sweet potato soup and fresh oranges

How to make Sweet Potato and Orange Soup with Sweet Potato Croutons

 You Will Need:

  • 20g butter
  • 1 large onion, finely chopped
  • 500g peeled sweet potatoes (375g roughly chopped, and 125g cubed for the croutons)
  • 200g potatoes, peeled and roughly chopped
  • 2 tbs freshly squeezed orange juice
  • 100ml vegetable stock
  • 1/2 tsp ground coriander
  • 150ml milk
  • salt and freshly ground black pepper
  • vegetable oil for frying
  • fresh coriander and double cream yoghurt for serving

Method for the soup:

Melt the butter in a medium-sized saucepan and cook the onions until soft.

Add the roughly chopped sweet potatoes and potatoes, stock, orange juice and ground coriander. Bring to the boil, and then simmer covered until the vegetables are soft (about 30 minutes).


Method for the sweet potato croutons:

While the soup is gently bubbling away, heat some oil in a saucepan and once it’s hot, add the cubed sweet potato. Once the cubes have turned a golden brown colour, remove them with a slotted spoon and drain on kitchen towel. Keep an eye on the sweet potato – you don’t want it to get too dark!

Back to the soup! When the vegetables are cooked, allow the soup to cool a little. Then add the milk and puree with a blend stick.

sweet potato soup and fresh oranges

Serve the soup garnished with a dollop of yoghurt, the sweet potato croutons and freshly chopped coriander!






Make your own diamond tufted headboard

Ideas Magazine asked me to make this headboard for their gorgeous July/August issue, and when you get the chance to make something beautiful, you have to grab the opportunity! This is not my first headboard, and it’s certainly not my last! I love headboards. Aside from providing a beautiful focal point in your room, they are super practical – especially if you like reading in bed. This one looks fantastic and costs much less than the store-bought version. And don’t be afraid to tackle this project – it is surprisingly easy to make!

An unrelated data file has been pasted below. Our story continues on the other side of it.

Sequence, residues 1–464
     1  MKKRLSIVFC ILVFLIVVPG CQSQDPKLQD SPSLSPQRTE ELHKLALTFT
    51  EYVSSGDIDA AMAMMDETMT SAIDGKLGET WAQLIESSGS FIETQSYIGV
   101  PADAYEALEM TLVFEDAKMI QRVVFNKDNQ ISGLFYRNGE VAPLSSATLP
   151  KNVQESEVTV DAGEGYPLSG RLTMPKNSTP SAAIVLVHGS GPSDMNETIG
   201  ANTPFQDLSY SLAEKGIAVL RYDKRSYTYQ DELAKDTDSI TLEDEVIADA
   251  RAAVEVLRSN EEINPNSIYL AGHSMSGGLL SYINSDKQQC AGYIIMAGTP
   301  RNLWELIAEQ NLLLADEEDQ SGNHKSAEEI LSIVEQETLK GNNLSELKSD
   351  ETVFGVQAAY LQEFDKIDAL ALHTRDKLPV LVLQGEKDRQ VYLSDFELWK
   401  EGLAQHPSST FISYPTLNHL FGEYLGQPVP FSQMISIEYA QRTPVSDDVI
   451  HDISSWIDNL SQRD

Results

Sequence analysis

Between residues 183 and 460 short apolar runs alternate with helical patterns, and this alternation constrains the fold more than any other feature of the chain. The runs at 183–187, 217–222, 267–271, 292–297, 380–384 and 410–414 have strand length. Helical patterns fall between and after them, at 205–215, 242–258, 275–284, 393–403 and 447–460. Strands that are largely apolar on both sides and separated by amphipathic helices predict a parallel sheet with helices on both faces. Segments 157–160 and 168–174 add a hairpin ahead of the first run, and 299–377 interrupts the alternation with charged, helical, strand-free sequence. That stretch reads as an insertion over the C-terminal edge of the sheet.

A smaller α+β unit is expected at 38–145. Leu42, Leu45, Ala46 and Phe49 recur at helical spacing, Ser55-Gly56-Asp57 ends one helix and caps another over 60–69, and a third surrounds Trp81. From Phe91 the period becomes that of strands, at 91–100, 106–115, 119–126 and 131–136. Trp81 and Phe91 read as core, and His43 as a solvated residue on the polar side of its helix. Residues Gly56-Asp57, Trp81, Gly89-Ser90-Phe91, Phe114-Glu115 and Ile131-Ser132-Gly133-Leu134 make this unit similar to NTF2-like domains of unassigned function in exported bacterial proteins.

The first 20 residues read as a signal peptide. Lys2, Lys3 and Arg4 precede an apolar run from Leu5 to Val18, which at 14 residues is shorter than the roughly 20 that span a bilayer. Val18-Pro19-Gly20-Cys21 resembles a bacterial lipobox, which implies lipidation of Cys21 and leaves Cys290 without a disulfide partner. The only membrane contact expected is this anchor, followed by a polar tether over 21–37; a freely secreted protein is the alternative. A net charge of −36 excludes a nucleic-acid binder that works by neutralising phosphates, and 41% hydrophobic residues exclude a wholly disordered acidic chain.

Ideas Idees Magazine

Remember to get your copy of Ideas!



Here’s how to make your very own diamond tufted headboard!

To make a ¾ bed headboard, you will need:

  • Wooden base for the headboard – we used 1mx1mx19mm strand board
  • 5m fabric (we used charcoal linen)
  • 1m batting
  • 18x 22m coverable buttons
  • Thick thread (we used crochet thread)
  • Mattress needle
  • Staple gun & staples
  • Spray adhesive
  • 1mx1mx75mm thick foam
  • 1x Pine PAR 22x44mm x 2.4m batten, cut into 2x 1.2m lengths
  • 4x 3mmx32mm chipboard screws
  • 1m cotton lining

You will also need:

  • Headboard Template
  • Carpenter’s Pencil
  • Marker
  • Jigsaw
  • 22mm hole saw drill bit
  • Electric Carving Knife
  • Drill with 3mm wood drill bit
  • Scissors
  • Screwdriver
  • Measuring Tape
  • Straight Edge


chipboard and jigsaw

Use the template to cut the curve at the top of the wooden base. Then give the edges a quick sanding to make sure that there aren’t any rough areas.



foam and grid

Draw a grid of 10x20cm on both the foam and the wooden base. Then carefully mark the position of the buttons using the marker.



drill and foam

Use the hole saw drill bit to cut the holes into the foam only. Place a piece of sacrificial wood underneath to protect your work surface!



chipboard, foam and spray glue

Fix the foam to the wooden base using the spray adhesive. Ensure that everything is perfectly straight and allow to dry.



chipboard foam saw

Using the curved edge of the wooden base as a guide, cut the foam to the same shape with the electric carving knife.



foam drill

Placing the 3mm drill in the middle of each foam hole, drill a hole through the wooden base. This is where each button will be threaded through.



headboard back

Cover the foam with the batting, securing it at the back with the staple gun. Then cut away any excess batting afterwards.



foam scissors

Cut a small cross into the batting where it covers each foam hole. You should be able to easily see the small hole in the wood once you’ve done this.



fabric batting

Lay the fabric over the batting, making sure that the centre of the fabric is in the centre of the headboard.


STEP 10:

covering buttons

Cover the buttons with fabric and attach a 40cm piece of thread to each button. Make a double knot at the back to make sure that they’re secure. A 2-litre milk bottle cap makes the perfect fabric template for a 22mm button!


STEP 11:

headboard buttons

Using the mattress needle, thread the buttons through the fabric, batting, foam and wood. It is easiest to do this if you place the headboard upright on the floor so that you can catch the needle at the back.